📌 Vivienne Kelly: The Countdown was previously inextricably linked to ‘Australia Day’. Years ago, the ABC revealed a new date would be announced in 2017. It has since unlinked the iconic Countdown from the divisive public holiday – keeping it close enough for it to still capitalise on the final dregs of the “Silly Season” and Australia’s celebratory summer vibes, but no longer endorsing the colonial connotations and consequences of January 26. There was, of course, backlash when they announced the move, but from a comms perspective, they held the line, and people have largely moved on.
📌 Maddie: Koczanowski: The Hottest 100 stacks up a whopping 3.2 million+ unique votes each year. From accidentally leaking the top artist in 2010 to tactfully changing the air date in 2017, it’s held up against the test of time despite attempts by rivals to replicate its success. No matter how much music taste changes, the Hottest 100 continues to be one of the best collections (and therefore Spotify playlists) to emerge year-on-year.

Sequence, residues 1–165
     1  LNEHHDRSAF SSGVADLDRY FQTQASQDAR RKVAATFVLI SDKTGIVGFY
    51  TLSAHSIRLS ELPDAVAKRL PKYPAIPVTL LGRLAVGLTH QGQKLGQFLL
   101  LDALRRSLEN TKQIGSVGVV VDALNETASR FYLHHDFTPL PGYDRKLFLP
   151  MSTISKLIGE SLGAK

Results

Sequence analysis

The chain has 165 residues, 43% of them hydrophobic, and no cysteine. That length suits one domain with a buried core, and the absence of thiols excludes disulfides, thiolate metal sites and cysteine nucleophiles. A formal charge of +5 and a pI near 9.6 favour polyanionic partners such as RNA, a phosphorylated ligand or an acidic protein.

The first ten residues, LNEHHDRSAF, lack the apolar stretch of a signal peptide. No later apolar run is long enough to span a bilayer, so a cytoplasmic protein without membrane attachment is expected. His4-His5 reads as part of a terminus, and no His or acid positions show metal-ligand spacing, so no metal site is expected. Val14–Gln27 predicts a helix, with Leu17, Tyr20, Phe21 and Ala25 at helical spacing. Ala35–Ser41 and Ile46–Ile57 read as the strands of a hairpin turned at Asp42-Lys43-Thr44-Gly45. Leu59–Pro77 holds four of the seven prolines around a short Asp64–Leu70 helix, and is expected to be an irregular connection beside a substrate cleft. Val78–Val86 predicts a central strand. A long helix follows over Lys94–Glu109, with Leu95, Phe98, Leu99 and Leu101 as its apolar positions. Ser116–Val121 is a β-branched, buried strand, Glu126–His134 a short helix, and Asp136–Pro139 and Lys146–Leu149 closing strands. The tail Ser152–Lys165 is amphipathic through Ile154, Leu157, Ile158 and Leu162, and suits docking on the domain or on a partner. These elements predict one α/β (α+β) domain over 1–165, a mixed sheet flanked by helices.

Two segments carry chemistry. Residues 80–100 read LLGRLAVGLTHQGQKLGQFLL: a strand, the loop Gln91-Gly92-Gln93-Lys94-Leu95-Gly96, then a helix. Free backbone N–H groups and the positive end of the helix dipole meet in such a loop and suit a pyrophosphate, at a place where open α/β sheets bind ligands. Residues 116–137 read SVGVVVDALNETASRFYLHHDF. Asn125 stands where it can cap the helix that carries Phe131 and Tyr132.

📌 Jake Challenor: Hottest 100 historian Tom W Clarke has referred to the Hottest 100 as “the greatest example of music democracy in the world”, with the Prime Minister even jumping online to share his votes. The way listeners and social media users engage with the Countdown is constantly evolving, but it dominates social media conversations, media and music commentary and event planning on the day it’s held.
Weakness: How Do You Fix a Problem Like Podcast Measurement?
Despite the vast amounts of data available to measure digital audio, debate continues around how we should measure consumption.
👉 Last week, Apple tightened its reporting on how many people listen to podcasts by switching off automatic downloads for users who haven’t listened to five episodes of a show over the previous two weeks. The knock-on effect on its podcast charts was immediate, with long-running high-frequency shows the most impacted.